It is understandable that women are sometimes confused as to whether their symptoms are the result of PMS or pregnancy, because there really is a lot of overlap between the symptoms of the two. And, of course, a missed cycle or a late period can certainly make the question feel much more urgent. Whether PMS symptoms or pregnancy symptoms, both occur because of changing hormones, so they have related causes as well.
However, PMS will never cause a positive pregnancy test, and the symptoms of the second and third trimesters of pregnancy, and even of the second half of the first trimester, are usually distinguishable from the symptoms of premenstrual syndrome. Most women only experience PMS symptoms for a few days or at most a week before their periods (though we've met plenty of women whose PMS lasts over two weeks!), so the question "Is it PMS or is it pregnancy?" should usually only last several days for most women.
Bleeding: Minor bleeding can be normal early in the first trimester of pregnancy. Bleeding is not, however, a symptom of PMS. In fact, the onset of menstrual bleeding almost always brings relief from premenstrual symptoms.
Heavy bleeding, or bleeding with severe cramping or fever when you're pregnant is not normal, however, and you should consult a health care provider immediately. Heavy bleeding and cramping can be caused by many conditions besides pregnancy.
Breast tenderness: Breast tenderness can be a symptom of pregnancy or PMS. There is no detail or characteristic of breast tenderness alone that can distinguish PMS from pregnancy. You can read more about PMS breast tenderness here.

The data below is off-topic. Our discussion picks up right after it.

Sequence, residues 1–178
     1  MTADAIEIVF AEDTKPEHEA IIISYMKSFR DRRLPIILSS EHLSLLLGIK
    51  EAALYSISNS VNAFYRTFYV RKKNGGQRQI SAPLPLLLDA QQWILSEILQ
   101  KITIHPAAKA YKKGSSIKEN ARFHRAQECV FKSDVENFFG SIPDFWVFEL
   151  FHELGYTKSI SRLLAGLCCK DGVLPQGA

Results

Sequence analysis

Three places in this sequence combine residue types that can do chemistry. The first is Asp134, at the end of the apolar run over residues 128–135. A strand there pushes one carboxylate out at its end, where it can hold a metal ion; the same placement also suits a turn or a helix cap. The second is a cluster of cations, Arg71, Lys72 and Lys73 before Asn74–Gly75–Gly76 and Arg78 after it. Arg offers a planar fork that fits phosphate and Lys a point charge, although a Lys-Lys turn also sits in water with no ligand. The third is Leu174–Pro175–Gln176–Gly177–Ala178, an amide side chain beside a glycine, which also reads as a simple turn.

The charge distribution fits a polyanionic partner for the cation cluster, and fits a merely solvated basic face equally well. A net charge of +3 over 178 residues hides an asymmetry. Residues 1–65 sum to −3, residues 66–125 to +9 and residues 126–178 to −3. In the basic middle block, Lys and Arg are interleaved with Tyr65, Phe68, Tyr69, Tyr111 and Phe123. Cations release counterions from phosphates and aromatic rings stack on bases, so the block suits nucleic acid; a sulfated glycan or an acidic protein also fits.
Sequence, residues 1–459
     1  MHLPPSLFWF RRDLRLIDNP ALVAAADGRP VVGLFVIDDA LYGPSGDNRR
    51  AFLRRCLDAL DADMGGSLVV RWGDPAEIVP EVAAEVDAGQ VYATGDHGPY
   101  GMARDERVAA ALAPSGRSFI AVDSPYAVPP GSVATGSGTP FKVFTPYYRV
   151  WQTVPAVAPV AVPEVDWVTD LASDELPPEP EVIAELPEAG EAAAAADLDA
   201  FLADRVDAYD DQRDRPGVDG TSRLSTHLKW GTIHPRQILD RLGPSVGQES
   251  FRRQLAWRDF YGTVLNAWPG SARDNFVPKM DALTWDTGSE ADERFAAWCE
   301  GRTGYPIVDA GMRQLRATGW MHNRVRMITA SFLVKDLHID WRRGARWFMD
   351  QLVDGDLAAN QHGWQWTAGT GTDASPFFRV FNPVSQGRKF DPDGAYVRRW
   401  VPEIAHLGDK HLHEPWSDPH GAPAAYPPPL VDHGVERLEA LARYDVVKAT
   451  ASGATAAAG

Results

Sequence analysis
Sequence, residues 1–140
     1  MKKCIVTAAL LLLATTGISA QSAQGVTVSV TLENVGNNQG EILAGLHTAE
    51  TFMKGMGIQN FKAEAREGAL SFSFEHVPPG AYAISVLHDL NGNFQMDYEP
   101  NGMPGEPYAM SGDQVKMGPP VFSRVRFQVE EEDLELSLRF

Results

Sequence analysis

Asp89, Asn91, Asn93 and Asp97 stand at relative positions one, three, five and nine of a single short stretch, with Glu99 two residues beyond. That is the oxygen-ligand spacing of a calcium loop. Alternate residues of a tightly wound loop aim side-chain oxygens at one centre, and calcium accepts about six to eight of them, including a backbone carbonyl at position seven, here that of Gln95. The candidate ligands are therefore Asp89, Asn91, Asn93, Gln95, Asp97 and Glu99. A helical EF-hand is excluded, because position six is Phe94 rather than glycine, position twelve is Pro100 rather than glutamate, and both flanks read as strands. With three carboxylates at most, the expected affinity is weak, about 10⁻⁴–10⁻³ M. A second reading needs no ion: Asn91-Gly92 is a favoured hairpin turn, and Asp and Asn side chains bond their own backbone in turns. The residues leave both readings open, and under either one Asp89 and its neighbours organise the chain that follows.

Fatigue: Fatigue can be a sign of PMS or pregnancy, though fatigue has many possible causes. During the latter stages of pregnancy, anemia can cause fatigue, but more often the cause is probably just a need for more rest! In some women, fatigue can be the very first sign of pregnancy. Since fatigue is so common, it is not a reliable sign as to whether you might be pregnant or not.
PMS fatigue, like most PMS symptoms, usually gets better with the onset of the period. Fatigue that gets worse during the blood loss of the menses could be a sign of anemia.
Fever: Fever is not a normal symptom of either pregnancy or PMS. In fact, fever in pregnancy requires the attention of your health care practitioner in order to rule out a serious problem.
However, you might experience fever during PMS if you have another condition, such as chronic fatigue syndrome (sometimes called CFIDS) or an autoimmune condition. In addition, some women experience hot flashes, or alternating hot and cold feelings during PMS, but usually without a fever.
Food cravings / appetite changes: Cravings and increased appetite are hallmarks of both PMS and pregnancy, to the point where both have almost become shorthand or clichés for the two conditions. While there are no specific food cravings that would distinguish PMS from pregnancy, PMS food cravings tend to be for comfort foods, chocolate, and sweet or salty "junk food" items. Peculiar pregnancy cravings (we've all heard about pickles and ice cream) are probably more myth than reality, but there is certainly a grain of truth to them. A craving you've rarely or never had before would be more typical of pregnancy than PMS.